Madeira Beach, a coastal beach town off of Tampa Bay, is known for it’s “Old Florida” charm intertwined with modern attractions, making it a no-brainer for vacationers around the world. The city prides itself on listening to it’s residents and guests, making enhancements to make it a better place to work and play.

That’s why, in December of this year, a vibrant update was made to the city’s public parking pay stations. 29 new salmon colored CALE CWT Meters boast a new color and an updated system for visitors and residents.

“It was time to move towards more modernization where people could use an app to pay for parking. That’s more of the ‘norm’ now,” says Chris Tarkenton, Parking Department Supervisor for the City of Madeira Beach. “It’s also more convenient for visitors who might be caught up at a restaurant. They don’t have to worry about running back to their car to add more time.

The 29 new parking meters are a vast upgrade from the ones residents are used to. The Cale Web Terminal Compact (CWT) lights up with a Color Display screen and is enhanced with ‘Pay by Plate’ technology. Visitors can simply enter their license plate number, parking duration, payment and be on their way.

“Switching from ‘Pay-and-Display’ to ‘Pay-by-Plate’ made tracking incredibly easy for us,” says Tarkenton, “It also makes it easier for residents who have a different parking permit. Residents have a back-up for their usual permit sticker…it’s all loaded into our system. It’s peace of mind on both ends.”

The most exciting addition to the meters is the new compatibility with ‘WayToPark,’ a mobile payment app that allows guests to add time to their parking spot straight from their phone. According to Tarkenton, this is a feature that visitors are used to seeing and expect to have available to them.

As for the color chosen for the meters? It was unanimous. Out of 5 color options, the Madeira Beach City Commission voted for the hue that would boast “Beach Life” the best, Salmon.


“They are much more noticeable for out-of-town visitors,” says Tarkenton, “It fits with the beach community lifestyle here. It was a great choice all around.”

For more information, contact Julianne Wilhelm, Marketing Coordinator at This email address is being protected from spambots. You need JavaScript enabled to view it. or visit CaleAmerica.com.

Posted: 12 Dec 17

This month’s spotlight is on Brett Bernsee, programmer at Cale America!


What do you enjoy most about working here?

“The changing technology and getting to learn and work with it.”


Where were you working before Cale?

“Branch manager at City Electric Supply.”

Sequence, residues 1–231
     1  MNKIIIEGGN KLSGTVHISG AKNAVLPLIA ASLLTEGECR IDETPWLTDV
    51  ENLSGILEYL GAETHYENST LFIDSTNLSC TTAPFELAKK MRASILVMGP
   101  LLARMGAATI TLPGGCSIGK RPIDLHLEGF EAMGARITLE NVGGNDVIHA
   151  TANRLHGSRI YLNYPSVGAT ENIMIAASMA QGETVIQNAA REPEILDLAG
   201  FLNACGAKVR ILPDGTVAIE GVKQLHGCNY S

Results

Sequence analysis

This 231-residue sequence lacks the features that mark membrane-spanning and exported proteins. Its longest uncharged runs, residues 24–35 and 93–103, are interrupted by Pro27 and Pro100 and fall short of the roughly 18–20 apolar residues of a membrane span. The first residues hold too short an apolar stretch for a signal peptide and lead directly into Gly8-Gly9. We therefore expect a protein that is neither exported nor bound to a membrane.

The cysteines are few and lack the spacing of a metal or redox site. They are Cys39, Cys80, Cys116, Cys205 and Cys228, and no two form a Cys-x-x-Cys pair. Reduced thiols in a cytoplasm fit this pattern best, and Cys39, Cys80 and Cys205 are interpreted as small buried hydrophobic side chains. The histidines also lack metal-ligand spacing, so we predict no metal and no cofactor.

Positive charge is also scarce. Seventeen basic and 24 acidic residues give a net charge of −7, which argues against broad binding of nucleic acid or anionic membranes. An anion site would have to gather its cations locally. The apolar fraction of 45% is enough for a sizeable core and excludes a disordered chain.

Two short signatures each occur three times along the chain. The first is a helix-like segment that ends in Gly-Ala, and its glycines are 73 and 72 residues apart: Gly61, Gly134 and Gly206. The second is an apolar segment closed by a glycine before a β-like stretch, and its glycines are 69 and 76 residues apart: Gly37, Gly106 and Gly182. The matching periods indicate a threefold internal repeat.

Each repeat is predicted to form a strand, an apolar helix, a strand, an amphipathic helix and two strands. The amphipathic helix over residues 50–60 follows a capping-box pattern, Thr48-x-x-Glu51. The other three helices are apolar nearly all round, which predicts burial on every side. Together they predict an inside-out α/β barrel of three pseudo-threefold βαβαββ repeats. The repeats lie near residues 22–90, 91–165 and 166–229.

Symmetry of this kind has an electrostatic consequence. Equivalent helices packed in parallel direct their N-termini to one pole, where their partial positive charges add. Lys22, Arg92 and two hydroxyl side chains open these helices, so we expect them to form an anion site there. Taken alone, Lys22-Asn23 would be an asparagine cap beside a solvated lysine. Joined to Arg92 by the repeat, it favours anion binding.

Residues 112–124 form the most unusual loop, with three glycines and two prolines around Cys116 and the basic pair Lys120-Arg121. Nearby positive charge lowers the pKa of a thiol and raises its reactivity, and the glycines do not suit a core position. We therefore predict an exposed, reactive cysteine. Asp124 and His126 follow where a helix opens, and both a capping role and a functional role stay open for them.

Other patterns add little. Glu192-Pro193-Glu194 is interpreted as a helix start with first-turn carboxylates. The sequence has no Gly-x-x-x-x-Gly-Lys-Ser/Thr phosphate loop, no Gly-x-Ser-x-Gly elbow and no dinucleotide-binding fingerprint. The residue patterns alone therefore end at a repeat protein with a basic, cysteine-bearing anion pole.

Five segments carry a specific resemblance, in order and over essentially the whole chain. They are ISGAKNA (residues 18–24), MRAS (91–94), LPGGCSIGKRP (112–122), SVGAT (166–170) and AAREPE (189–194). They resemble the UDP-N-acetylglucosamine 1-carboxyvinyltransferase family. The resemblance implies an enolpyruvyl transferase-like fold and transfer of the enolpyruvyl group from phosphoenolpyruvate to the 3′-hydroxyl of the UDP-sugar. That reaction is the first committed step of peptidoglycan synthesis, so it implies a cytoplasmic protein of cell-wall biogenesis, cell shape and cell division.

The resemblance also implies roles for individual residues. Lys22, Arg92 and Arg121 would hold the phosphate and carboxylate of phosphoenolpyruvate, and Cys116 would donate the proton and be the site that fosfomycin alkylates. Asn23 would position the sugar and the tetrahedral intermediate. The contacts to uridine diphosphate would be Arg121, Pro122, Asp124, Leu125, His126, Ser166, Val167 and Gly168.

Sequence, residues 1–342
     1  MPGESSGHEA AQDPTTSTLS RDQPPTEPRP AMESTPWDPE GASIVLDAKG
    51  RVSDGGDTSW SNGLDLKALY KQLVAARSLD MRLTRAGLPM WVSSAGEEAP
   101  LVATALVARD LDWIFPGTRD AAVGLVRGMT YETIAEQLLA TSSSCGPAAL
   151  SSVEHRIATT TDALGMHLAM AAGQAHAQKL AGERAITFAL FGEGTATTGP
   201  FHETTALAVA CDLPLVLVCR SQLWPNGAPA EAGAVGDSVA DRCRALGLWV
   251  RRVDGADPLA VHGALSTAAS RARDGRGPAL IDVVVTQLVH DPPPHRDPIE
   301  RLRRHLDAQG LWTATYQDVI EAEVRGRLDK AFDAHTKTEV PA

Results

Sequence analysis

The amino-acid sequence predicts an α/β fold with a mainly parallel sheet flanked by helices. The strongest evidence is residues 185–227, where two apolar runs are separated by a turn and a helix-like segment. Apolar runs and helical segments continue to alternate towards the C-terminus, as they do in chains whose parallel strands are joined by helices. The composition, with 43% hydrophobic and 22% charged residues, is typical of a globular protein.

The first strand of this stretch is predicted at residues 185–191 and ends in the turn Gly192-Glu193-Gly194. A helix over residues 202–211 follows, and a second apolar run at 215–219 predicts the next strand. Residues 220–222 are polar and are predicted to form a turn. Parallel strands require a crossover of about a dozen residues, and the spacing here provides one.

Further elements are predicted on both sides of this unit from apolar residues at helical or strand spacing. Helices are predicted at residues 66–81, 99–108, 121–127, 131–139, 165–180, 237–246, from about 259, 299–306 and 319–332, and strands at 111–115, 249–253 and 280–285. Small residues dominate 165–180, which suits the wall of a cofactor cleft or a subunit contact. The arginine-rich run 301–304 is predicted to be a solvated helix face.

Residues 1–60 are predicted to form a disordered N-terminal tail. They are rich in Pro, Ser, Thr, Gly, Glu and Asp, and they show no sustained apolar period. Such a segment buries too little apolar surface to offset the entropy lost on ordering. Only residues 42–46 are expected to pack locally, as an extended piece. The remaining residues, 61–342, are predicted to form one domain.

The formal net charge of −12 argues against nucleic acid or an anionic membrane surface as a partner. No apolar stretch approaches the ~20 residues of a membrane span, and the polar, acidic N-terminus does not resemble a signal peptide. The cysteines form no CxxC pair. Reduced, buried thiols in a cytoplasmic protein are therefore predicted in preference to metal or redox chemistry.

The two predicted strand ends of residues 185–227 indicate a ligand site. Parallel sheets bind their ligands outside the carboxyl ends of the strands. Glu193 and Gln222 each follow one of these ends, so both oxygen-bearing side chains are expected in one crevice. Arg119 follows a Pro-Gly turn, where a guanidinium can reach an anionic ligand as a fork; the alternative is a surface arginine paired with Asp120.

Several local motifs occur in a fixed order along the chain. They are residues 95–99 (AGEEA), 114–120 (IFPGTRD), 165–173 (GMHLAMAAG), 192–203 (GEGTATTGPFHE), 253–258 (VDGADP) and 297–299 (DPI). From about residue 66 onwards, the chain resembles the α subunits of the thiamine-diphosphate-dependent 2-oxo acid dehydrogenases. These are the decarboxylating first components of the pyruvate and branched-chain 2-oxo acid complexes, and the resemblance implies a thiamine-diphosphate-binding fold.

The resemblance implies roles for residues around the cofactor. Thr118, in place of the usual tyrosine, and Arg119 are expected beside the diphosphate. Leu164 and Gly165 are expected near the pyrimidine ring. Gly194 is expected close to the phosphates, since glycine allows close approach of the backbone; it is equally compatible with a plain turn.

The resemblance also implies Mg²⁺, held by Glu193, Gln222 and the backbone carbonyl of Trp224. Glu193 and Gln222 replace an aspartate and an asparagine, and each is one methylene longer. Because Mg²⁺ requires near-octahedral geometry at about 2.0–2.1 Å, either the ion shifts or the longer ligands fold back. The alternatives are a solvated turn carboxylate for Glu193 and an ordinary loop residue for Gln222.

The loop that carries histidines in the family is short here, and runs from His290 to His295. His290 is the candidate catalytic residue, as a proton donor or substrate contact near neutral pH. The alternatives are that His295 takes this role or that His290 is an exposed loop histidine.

What do you like to do in your free time?

 “Riding my motorcycle, camping, and boating.”


Tell us something about yourself that would surprise us.

“My favorite music is Classic Rock, i.e. Pink Floyd, Eagles, Fleetwood Mac, etc.”


If given a chance, who would you like to hang out with for day, dead or alive?

“I have 4 off the top of my head. Steve Martin, Chevy Chase, Dana Carvey, and John Candy. Pretty much anyone in that circle of comedy.”


What is on your bucket list?

“An Australia/New Zealand trip to meet relatives.”


If you had to eat one meal, every day for the rest of your life, what would it be?

“Sushi. There are several variations to choose from.”


If you were to write a self-help book, what would the topic be?

“Get Over It”


Least favorite Food?

“Pickled beets or anything beet related.”


What phobias do you have?

“I could do without snakes.”


What would you most like to tell yourself at age 13?

“Buy lots of Bitcoin, or the winning numbers to the almost billion dollar Powerball a couple months ago.”


Posted: 03 Dec 17

As part of last week’s Great American Teach In (Thursday, 11/16), Tom Szubka, Director of Operations for Cale America, took time on Monday to spend more than an hour with 4th grade students at Summerfield Elementary, part of Florida’s Hillsborough County School system.  The students had the opportunity to learn about work experience, what it takes to run a business, the parking industry and the law of supply and demand, as well as what it takes to be a leader.

“The children were excited to hear Mr. Szubka talk about how they could possibly one day become a business leader,” said Heather Towers, 4th grade teacher at Summerfield Elementary, “They were interested in how supply and demand exists in the real world by participating in the fun hands-on example.”

Tom created an activity for the kids, using the parking industry to explain how supply and demand works and how supply and demand help define the parking industry as well as what Cale provides for the parking industry.  Equipped with cars, paper parking lots, and money, the students had fun learning how limited supply is managed for demand.

“I think the kids mostly took away from the presentation the importance of being a leader starting right now,” said Towers, “My class has been impacted by the presentation by seeing that if they believe in themselves and make smart choices, they too can achieve success in life.”

Students of Ms. Towers’ 4th grade class wrote letters to Tom. Each hand-drawn note thanked him for teaching them real-life skills,  most notably, how to say “Thank You” in Swedish… “Tack!”

Posted: 21 Nov 17